Mostly my anxiety is tied to a constant and unrelenting awareness of my own mortality which has more often than not manifested itself as health based anxiety. What this does is completely preoccupy you with thoughts of long term or life threatening illnesses and makes every day life almost impossible to deal with – I think that in isolation this would lead some people who haven’t suffered with a similar problem to think something along the lines of ‘Just get over it’ or ‘ Don’t worry about it’ but unfortunately the reality is this isn’t possible. Health anxiety alone often isn’t the culprit. Obsessive Compulsive disorder also likes to get involved and I am not talking about the cliché tropes of cleaning the house constantly or tapping my foot 3 times when I close a door – these problems do exist for some people however OCD very often comes in the way of obsessive and compulsive thought. To put it into context someone who functions in a very matter of fact way might watch the news and see something about a foreign country’s aggressive rhetoric towards another and take it at face value, maybe even ignore it completely and change the channel. However what someone with anxiety or compulsive thoughts may jump to are thoughts of world war 3, conscription and the idea of being sent against their will to fight a war and dying in some trench somewhere in the desert.. or worse yet nuclear war and mutually assured destruction. I know as that is something I myself had during the build up to our involvement in the Iraq war in 2003. I was 14 at the time.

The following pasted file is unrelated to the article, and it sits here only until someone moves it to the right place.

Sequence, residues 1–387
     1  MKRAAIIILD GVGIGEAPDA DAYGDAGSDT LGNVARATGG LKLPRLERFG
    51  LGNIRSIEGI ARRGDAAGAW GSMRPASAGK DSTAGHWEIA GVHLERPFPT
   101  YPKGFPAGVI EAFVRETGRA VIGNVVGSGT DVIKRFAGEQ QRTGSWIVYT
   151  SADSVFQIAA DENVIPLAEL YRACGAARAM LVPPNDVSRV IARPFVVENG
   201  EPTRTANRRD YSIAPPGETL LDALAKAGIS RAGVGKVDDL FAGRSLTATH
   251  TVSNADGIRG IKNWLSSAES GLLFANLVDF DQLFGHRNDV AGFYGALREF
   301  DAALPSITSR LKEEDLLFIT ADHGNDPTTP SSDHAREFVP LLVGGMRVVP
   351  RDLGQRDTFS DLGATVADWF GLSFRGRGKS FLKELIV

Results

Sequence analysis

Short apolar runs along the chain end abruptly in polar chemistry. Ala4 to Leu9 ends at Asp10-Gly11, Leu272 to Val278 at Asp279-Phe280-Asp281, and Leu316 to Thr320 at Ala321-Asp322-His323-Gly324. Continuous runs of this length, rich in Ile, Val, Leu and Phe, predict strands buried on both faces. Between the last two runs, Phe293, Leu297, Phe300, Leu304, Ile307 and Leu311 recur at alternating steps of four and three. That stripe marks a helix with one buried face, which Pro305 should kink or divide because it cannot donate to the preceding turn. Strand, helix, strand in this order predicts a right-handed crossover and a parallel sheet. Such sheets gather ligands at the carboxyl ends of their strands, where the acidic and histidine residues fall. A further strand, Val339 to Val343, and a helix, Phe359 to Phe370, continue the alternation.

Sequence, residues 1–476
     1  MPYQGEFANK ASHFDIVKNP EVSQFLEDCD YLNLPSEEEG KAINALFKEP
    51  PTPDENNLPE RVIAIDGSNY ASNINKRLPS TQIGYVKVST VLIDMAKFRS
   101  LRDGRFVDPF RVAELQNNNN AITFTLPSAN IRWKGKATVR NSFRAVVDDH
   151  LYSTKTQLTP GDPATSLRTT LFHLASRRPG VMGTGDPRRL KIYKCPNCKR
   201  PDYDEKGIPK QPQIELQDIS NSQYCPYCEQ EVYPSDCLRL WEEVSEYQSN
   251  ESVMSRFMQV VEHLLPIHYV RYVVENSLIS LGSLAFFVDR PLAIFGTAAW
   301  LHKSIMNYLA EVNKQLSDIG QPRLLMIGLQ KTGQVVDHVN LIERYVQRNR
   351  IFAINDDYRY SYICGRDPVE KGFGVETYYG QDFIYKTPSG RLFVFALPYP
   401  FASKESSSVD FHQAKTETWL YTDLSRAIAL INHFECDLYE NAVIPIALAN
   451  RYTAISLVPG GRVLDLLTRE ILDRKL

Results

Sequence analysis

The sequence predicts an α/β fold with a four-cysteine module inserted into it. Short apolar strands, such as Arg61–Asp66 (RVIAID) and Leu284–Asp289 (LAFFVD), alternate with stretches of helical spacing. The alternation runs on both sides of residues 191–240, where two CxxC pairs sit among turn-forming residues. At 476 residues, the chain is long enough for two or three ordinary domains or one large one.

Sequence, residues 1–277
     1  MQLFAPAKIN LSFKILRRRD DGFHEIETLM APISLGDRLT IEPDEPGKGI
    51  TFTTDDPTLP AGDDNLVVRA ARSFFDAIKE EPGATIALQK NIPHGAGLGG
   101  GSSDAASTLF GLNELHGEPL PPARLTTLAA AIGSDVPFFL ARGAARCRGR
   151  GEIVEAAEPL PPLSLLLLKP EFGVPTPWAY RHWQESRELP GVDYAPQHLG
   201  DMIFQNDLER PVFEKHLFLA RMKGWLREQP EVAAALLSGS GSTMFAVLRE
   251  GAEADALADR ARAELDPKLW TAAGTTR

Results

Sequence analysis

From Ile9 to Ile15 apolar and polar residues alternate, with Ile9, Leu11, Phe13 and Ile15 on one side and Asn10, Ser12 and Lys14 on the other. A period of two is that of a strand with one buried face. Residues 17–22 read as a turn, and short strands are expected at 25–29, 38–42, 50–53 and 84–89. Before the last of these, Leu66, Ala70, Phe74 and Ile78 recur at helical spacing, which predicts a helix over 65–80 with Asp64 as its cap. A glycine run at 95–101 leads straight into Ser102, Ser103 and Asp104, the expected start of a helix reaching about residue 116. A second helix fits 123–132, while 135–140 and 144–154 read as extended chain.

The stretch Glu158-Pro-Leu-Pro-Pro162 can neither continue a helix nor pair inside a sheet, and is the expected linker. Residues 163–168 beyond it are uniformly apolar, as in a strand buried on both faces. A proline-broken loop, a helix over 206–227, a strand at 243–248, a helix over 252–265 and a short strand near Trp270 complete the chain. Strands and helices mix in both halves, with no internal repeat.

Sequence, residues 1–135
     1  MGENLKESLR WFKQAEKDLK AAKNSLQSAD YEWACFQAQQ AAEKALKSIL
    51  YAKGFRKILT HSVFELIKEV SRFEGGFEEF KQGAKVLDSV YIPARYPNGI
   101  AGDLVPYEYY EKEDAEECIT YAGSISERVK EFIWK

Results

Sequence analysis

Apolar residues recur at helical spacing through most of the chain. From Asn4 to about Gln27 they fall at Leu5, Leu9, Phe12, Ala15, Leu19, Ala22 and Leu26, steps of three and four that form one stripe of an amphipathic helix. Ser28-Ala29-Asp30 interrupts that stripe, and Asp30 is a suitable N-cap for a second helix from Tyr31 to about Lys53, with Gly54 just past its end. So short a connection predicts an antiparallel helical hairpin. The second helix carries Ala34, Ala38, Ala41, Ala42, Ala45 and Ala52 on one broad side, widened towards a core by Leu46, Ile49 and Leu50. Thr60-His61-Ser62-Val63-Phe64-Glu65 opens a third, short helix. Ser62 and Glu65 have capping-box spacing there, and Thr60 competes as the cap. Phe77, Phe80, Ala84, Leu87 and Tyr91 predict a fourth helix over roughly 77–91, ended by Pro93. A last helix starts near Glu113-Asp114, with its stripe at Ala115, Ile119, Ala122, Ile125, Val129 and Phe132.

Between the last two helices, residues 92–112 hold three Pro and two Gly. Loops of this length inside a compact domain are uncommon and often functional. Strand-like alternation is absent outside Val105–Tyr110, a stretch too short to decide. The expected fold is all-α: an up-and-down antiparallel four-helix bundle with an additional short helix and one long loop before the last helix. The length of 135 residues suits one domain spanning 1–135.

Nowadays though my problems almost exclusively hit home due to the aforementioned health anxiety and to put that into context at a fairly young age I had a cancer scare. I had some discomfort in my groin for near enough 2 years and liked to put it down to a rollerblading injury externally while worrying and having panic attacks every single day during the year of my GCSE’s internally. I was worried about testicular cancer but in my naivety was too terrified to get it checked out, of course after a certain point I didn’t go for fear of being told I was terminally ill. I just couldn’t face it. Until one day when I actually found a lump. That was the day everything changed. I had always run on the logic that if I couldn’t find a lump then I was probably ok (Disclaimer: Do not adhere to this logic. It is the logic of a teenager too scared to face up to the possibility something may be wrong, If in doubt GET CHECKED) …But there it was. I was hysterical. I spent the next 4 days leading up to my doctors appointment unable to eat, sleep or even talk to people about how I felt. The panic attacks got worse and I felt like I was under water 90% of the time – my hearing came in and out, I went from cold flashes to hot sweats, involuntary muscle twitching and tremors to wave after wave of extremely painful headaches. It was the culmination of 2 years of utter panic, denial and an inability to deal with the cards I believed to have been dealt. I was checked out by the doctor who wasn’t particularly concerned but I refused to believe her and was booked in for an ultrasound. Long story short the scan came back fine and I have it checked every now and then to make sure everything is ok. The point is no matter what the ailment is I have at least 2 of these episodes a year about one thing or another. In 2017 It was an absolute fact I had MS, then Leukaemia and subsequently finished the year with Motor Neuron Disease, which in itself I find a dark humour in looking back on it as I must have felt really unlucky having all 3 at once.